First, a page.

On the Cutting Table: the Shooting Gilet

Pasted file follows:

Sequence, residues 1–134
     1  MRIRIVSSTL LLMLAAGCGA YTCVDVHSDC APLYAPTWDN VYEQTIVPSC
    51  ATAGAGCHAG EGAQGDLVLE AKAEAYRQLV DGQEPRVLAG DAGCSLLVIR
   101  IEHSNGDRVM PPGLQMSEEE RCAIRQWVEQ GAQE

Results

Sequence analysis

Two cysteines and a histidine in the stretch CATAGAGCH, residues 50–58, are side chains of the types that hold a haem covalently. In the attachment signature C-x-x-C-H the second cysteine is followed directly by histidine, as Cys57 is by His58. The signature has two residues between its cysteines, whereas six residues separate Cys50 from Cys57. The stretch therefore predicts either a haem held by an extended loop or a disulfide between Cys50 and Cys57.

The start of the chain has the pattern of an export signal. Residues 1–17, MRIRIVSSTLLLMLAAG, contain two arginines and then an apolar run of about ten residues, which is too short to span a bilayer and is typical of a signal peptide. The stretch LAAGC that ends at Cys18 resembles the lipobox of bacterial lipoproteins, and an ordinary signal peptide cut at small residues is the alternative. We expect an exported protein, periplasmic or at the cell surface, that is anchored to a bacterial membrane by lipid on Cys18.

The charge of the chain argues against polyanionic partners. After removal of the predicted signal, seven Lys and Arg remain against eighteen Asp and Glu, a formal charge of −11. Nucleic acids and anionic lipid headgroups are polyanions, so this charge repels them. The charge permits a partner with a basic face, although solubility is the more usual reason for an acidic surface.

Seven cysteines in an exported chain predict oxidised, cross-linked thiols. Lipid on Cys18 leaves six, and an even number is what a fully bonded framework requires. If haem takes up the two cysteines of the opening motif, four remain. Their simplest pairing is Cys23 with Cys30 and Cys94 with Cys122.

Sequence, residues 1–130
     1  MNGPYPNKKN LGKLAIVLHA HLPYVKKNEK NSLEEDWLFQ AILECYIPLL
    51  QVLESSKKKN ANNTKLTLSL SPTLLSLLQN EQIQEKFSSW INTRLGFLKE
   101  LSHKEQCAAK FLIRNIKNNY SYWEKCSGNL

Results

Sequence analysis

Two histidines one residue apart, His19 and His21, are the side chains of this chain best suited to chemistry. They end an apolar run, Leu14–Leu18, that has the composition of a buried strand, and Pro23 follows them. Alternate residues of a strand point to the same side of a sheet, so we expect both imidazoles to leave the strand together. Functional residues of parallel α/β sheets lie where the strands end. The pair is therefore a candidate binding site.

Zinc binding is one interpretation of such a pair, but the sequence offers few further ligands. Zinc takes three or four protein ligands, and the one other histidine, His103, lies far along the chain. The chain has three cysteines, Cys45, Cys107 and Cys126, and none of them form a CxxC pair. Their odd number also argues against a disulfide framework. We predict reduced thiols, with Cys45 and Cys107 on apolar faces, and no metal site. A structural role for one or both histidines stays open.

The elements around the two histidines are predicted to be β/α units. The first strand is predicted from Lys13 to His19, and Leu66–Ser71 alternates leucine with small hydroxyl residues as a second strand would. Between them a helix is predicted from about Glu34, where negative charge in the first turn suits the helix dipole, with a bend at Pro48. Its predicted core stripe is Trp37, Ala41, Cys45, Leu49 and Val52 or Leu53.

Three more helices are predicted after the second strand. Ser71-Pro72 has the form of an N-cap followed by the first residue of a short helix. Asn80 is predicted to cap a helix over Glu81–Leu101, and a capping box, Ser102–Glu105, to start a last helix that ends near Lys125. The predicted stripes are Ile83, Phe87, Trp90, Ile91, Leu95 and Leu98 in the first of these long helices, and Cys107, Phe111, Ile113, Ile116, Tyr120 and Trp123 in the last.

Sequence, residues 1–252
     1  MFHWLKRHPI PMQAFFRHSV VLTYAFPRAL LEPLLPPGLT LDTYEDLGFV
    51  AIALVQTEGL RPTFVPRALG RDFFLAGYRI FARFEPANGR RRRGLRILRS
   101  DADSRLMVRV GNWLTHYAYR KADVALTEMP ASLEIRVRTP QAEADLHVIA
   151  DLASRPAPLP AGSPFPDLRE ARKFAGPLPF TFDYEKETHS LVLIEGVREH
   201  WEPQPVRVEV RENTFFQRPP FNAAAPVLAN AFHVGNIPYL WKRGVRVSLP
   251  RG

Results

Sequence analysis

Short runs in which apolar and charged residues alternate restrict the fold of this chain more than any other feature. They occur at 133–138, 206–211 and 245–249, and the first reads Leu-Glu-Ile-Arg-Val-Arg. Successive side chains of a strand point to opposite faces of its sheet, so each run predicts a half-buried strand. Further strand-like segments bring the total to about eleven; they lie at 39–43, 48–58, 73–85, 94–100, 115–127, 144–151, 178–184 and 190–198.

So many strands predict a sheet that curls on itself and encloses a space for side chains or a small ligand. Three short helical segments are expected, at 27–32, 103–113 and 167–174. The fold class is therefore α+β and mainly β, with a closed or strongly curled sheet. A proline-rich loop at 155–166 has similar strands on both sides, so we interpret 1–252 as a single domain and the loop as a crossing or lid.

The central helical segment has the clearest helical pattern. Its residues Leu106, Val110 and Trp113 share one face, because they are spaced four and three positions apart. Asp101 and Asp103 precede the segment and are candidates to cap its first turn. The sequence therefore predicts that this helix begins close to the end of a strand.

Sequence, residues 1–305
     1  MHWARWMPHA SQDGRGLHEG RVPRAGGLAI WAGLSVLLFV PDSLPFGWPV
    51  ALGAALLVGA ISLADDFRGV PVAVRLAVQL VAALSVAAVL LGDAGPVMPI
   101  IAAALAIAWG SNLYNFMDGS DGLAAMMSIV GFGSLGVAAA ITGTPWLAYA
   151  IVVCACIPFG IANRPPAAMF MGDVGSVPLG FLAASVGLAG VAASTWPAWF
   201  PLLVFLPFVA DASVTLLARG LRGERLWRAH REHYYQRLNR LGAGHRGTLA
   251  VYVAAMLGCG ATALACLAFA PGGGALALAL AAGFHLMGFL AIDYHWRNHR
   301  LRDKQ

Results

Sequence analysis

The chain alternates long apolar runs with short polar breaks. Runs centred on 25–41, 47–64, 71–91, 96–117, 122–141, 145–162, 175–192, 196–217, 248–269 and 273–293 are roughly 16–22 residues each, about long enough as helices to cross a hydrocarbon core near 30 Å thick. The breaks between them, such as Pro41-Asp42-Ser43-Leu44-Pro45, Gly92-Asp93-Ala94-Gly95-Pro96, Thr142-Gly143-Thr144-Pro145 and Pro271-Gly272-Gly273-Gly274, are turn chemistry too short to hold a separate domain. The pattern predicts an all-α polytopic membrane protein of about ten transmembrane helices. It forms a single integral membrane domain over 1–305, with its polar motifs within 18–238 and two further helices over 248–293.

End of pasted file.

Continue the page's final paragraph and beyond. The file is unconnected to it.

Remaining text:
With the Glorious Twelfth fast approaching, our bespoke commissions of late have mainly been aimed at the shooting season ahead. Reflecting the mood of our shop, where the joyous colours of linen and cotton summer tailoring are being slowly replaced by earthy, sombre tones of autumn attire, so too have the shelves of the cutting room become laden with tweeds, moleskins, and corduroy. There is, however, one cloth which stands out as one which we have never seen in the shop before. Although there are certainly favourites amongst our customers (fuelled, not least, by the fact that commissions in progress hang temptingly behind the cutting table causing some clients to ask for the same cloth), it is rare to find a material with which we have never worked. The gilet pictured above does not particularly stand out as far as the cutting and styling are concerned. When finished, it will have the same attributes as our classic ready-to-wear gilets: a five-button closure, Nehru collar, three ample welt pockets for cartridges, and a full lining. Our client sourced the cloth for his commission himself from a small mill in Burma. It’s made from the Lotus flower which is dried and spun into cloth. The cloth is made on a hand-operated loom which produces a more narrow bolt than we are used to using, so the cutting has had to be cleverly done in order to match up to the pattern desired. This is a good lesson in bespoke tailoring. If one wishes to make a statement with the styling of a garment, choose a plain cloth. In other words, let the details that only a bespoke garment can have speak for themselves. However, if one wishes to have a bold cloth, keep the details simple. This cloth will certainly draw the eye—we only advise that when in the field, keep the grouse in one’s sights, not the sartoria gloriosum! To book your own bespoke appointment with our in-house, third generation master tailor, please email [email protected] or telephone +44 (0)20 7259 9494.